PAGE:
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Review - Future Music Festival 2008 - Sydney

Author: Memphis Raines, CBF Sid/3D World
Thursday, 13 March 2008
For a number of years now, the Future Music Festival has easily been the festival of the year for me. It's always had the 'fresh' feeling about it and, in this time of carbon copy festivals, this one has always been a bit different, possibly due to the fact it use to be called 'Two Tribes' and offered mainly the harder, more underground genres music genres. Slowely, however, the Future Music Festival is beginning to look more and more like all the other festivals.

Arriving at about 2pm in the middle of the racecourse, I was extremely amazed at the smooth and quick entrance into the event. The major difference from last year was immediately obvious - the middle of the racecourse was now in use, along with the same areas as last year, all joined by a 200-metre two-way bridge over the track. Capacity, I would say, had been increased two- or three-fold.

Early on, Carl Kennedy entertained the masses as the venue slowly filled, dropping some classics such as Fragma's 'Toca's Miricale' and it was not long before Roger Sanchez took to the stage. The house master delivered a great set and seemed to be playing exactly what the sun-drenched crowd was after. But this was all warm up music for me, the day belonged to the one and only Sven Vath, a proven great showmen and performer. Vath's storming techno set was a perfect escape from the inundation of electro and house, and the crowd showed their appreciation.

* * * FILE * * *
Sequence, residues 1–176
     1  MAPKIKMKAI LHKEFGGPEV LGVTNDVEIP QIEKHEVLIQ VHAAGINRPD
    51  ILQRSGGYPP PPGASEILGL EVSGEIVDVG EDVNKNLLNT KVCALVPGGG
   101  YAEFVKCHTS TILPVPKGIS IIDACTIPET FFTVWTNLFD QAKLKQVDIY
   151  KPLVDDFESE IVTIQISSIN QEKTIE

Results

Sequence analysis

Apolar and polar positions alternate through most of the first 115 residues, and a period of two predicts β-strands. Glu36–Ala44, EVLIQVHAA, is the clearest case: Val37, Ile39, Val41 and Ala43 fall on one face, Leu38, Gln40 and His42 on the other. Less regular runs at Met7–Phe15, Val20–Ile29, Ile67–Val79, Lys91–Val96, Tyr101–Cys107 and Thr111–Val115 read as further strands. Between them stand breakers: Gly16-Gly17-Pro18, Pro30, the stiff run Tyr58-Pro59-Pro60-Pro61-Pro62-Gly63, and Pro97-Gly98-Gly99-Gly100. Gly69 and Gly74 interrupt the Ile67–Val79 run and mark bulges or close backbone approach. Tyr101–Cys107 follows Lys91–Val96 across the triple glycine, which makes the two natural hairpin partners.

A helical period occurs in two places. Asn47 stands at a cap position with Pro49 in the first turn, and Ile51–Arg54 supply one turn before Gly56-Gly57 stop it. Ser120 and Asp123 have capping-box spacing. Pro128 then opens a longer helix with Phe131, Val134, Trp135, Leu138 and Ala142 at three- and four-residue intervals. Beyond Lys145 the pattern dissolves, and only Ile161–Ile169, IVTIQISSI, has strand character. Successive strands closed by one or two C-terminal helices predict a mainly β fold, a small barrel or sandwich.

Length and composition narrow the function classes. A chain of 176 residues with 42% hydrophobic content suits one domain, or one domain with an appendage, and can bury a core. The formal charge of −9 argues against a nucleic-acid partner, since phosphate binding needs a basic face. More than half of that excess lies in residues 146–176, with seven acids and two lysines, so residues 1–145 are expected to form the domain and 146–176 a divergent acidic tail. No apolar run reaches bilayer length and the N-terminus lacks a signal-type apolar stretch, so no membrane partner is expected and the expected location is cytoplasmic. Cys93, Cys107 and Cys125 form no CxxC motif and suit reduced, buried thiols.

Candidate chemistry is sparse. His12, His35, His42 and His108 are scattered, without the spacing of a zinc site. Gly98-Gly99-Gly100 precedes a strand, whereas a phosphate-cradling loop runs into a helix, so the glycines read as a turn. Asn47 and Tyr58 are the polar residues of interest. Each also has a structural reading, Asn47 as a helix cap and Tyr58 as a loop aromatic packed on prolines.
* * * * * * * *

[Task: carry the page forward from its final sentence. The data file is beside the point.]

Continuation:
Vath, who had obtained a drumstick from previous performers Datarock, proceeded to dance for the crowd while having a bash on the drum kit nearby, all while mixing perfectly and ending his performance with, fittingly, Supermayer's 'Two Of Us'.

It was then back over to the main stage, trying not to trip on the massive clumps of uneven grass, in time to take up a vantage point front and centre for the undoubted master of progressive, John Digweed. Digweed's set would have to be classed as perfection. Two hours of progressive and tech which had all the connoisseurs in awe. Tracks such as 'Age Of Love' and Phoenix's 'Rise Up' were highlights for me, but it had to be his closing track which brought it all together, Bedrock's 'Heaven Scent', a perfect end to a flawless set.

The time then came for the Chemical Brothers, but trying to meet up with other friends for the performance was futile and phone lines were down, an all too familiar occurrence at large festivals these days.

The Chemical Brothers were a great spectacle, the visuals were utterly amazing and I'm sure some will be having nightmares about that evil clown, but these visuals overshadowed the music for me which apart from their main hits such as 'Galvanise', 'Hey Boy, Hey Girl' and 'Block Rockin' Beats', was sub-par and to be expected.

However, credit must be given to Future Entertainment for the organisation of the amenities - toilet lines were minimal or non-existent and drink lines were also small - which was a comfort at such a massive festival.

It seems every year the festivals get bigger and bigger, but this is not always best. Feedback for this event has already pointed out that last year was a superior experience. The sheer size, amount of people and distance between stages were major disappointments.

But this was made up for by a superb array of music - from trance to progressive and techno to electro - something other major festivals seem to ignore.

(taken from sister site, 3D World)